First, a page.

After a month stay in Tokyo, Japan, Dave returned to Walter Reed Hospital in Washington, DC. He then reported to Fort Dix and trained others for Vietnam. The injury, which had scared him, forced him to grow up in terms of adulthood. Thankful he did not have to return to Vietnam, he today feels a great sense of respect for those veterans of WWI, WII, and Korea. In Vietnam, the military tour of duty lasted one year. In the other wars, the service lasted until the war was over.

Upon returning home, Dave did not experience any negative responses nor was he poorly treated. He feels that the people in this area hold him in higher regard because of his military service. It angers him to think of movie producer Oliver Stone who profits from poisoning young people with the negative exploits of this country. Dave believes America is the "... kindest, generous, freest country in the world," and Americans should be proud.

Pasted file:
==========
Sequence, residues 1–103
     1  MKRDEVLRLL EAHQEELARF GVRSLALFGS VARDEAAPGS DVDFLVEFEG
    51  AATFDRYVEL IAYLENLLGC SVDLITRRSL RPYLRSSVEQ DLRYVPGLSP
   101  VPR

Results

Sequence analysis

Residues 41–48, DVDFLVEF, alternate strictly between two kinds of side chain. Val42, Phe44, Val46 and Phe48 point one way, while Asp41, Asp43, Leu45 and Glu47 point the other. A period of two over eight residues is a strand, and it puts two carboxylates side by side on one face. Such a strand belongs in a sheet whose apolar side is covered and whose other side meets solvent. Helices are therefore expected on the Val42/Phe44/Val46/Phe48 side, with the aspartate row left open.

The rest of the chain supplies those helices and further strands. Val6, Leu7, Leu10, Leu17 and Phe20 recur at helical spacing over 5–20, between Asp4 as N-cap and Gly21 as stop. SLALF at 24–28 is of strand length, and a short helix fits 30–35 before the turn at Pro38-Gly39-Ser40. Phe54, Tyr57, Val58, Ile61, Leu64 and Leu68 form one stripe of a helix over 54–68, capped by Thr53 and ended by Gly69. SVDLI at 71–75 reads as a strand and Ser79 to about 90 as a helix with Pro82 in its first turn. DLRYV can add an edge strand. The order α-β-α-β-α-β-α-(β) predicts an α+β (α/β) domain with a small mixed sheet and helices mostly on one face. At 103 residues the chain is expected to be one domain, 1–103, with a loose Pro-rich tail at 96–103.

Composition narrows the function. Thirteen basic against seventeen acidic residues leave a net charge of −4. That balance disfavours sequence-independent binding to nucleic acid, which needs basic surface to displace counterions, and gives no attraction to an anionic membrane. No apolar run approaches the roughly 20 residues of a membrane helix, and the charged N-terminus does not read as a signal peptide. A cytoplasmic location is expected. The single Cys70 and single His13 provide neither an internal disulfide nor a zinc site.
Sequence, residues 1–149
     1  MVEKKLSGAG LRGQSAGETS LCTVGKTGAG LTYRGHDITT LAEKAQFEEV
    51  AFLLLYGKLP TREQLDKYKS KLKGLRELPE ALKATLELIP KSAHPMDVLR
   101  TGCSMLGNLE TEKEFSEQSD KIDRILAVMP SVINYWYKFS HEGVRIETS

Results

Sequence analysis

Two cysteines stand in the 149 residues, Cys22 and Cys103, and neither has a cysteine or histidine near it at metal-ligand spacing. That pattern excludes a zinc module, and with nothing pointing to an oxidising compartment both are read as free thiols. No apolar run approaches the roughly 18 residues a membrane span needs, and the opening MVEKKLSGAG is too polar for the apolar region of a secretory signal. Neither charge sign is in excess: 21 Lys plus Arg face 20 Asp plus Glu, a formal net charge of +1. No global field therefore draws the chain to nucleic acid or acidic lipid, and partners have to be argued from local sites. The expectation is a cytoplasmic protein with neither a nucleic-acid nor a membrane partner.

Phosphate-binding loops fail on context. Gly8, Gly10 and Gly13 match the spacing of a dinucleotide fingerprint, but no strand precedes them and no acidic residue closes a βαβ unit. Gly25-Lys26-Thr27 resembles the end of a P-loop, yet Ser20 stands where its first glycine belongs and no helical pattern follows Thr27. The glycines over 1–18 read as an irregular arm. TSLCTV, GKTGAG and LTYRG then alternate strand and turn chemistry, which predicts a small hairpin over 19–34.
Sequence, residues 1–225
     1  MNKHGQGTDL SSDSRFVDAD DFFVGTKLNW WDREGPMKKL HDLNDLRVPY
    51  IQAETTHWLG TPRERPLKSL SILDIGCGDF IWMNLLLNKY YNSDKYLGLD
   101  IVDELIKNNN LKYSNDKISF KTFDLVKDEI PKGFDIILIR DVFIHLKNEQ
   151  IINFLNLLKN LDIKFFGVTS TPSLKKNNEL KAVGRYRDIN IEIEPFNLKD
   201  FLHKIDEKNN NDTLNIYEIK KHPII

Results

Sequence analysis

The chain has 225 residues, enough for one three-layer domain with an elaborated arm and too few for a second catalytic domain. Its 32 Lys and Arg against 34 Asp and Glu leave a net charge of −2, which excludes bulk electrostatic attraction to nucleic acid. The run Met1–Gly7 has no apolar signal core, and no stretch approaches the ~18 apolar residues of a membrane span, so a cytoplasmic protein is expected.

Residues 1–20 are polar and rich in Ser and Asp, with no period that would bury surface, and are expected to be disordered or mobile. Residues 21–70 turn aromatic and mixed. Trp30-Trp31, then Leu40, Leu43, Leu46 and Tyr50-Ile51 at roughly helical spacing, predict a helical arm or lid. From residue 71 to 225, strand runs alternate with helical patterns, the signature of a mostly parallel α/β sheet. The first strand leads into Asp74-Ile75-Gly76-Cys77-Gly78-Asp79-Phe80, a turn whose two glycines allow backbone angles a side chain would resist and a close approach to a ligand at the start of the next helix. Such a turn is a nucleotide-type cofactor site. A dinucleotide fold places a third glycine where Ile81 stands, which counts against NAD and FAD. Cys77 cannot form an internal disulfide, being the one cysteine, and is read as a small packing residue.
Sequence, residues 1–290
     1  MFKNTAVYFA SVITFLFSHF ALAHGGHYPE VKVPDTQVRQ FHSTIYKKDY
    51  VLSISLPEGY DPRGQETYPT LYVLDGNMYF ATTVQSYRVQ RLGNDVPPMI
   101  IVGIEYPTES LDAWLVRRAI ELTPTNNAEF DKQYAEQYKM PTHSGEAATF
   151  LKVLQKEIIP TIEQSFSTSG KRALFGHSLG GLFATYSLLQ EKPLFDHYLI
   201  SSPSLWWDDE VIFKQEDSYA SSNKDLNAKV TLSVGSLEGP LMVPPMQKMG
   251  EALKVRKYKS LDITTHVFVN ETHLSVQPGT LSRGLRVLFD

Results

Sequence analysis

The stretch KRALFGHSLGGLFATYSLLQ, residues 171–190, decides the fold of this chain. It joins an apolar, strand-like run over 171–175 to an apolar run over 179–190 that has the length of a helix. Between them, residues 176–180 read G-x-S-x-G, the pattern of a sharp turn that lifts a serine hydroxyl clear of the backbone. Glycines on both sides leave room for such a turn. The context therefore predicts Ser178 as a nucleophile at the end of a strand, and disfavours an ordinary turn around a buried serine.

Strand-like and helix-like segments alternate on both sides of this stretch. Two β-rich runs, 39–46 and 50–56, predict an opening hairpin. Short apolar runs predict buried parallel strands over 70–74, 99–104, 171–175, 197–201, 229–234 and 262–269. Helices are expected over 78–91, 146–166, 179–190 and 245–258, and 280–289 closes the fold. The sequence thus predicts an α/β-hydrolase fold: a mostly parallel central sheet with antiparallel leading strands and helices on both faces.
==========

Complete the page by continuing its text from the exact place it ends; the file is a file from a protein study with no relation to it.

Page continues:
By Kimberly Pavlina, Bill Dorsey & Chris White

On March 8, 1965, a stop was taken which began ground troop involvement in the Vietnam Conflict. Two battalions of United States Marines came ashore to protect the facilities at the Da Nang Air Strip which had suffered from Viet Cong raids. Only 3,500 men had landed, but by the end of the year the numbers were increasing rapidly. The United States knew that it could not pull out of South Vietnam. To do so would not only plunge the country into communism, but be a breach of faith that would reflect dealings with other Asian countries.

A little over one year later in September of 1966, Marine Lance Corporal Jon Wyat took off from California and flew to a stopover point at Guam, then Okinawa for three days, followed by a flight to Da Nang Air Base in the Republic of South Vietnam. He was then transported by truck approximately forty miles south to Chu Lai. While stationed at Chu Lai, Jon dealt mainly with communications and calling in artillery and air strikes. He also had on the job training in field wire and field radio.